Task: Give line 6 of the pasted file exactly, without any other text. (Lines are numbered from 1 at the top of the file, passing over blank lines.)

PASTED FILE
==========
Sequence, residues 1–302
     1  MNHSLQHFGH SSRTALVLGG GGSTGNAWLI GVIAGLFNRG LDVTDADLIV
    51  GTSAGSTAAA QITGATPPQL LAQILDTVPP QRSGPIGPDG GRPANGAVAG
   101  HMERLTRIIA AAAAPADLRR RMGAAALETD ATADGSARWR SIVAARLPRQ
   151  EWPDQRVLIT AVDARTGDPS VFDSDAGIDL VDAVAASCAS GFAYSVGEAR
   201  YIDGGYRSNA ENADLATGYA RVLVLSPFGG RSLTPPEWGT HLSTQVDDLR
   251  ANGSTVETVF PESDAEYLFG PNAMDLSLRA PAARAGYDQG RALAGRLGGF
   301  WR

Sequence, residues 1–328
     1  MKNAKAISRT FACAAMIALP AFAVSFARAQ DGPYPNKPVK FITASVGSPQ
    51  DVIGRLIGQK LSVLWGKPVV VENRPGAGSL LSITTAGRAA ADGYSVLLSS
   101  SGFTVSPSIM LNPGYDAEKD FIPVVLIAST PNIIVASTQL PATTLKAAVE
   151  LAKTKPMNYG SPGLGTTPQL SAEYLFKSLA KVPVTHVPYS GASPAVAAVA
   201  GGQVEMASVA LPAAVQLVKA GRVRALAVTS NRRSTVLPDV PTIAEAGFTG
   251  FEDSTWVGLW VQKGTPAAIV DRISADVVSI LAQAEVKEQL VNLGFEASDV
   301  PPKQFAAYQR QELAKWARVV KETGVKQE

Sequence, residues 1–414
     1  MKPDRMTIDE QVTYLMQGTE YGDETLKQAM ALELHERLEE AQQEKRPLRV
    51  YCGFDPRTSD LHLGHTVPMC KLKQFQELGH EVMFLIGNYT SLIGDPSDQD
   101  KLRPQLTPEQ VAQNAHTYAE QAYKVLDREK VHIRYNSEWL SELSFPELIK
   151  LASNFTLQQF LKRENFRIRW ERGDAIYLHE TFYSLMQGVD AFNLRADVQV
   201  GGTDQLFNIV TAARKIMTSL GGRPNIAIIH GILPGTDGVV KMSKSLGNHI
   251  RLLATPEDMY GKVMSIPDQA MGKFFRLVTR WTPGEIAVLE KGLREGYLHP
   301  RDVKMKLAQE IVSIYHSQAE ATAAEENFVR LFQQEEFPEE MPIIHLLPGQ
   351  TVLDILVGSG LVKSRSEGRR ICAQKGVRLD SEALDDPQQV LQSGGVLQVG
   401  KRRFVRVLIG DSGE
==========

   201  YIDGGYRSNA ENADLATGYA RVLVLSPFGG RSLTPPEWGT HLSTQVDDLR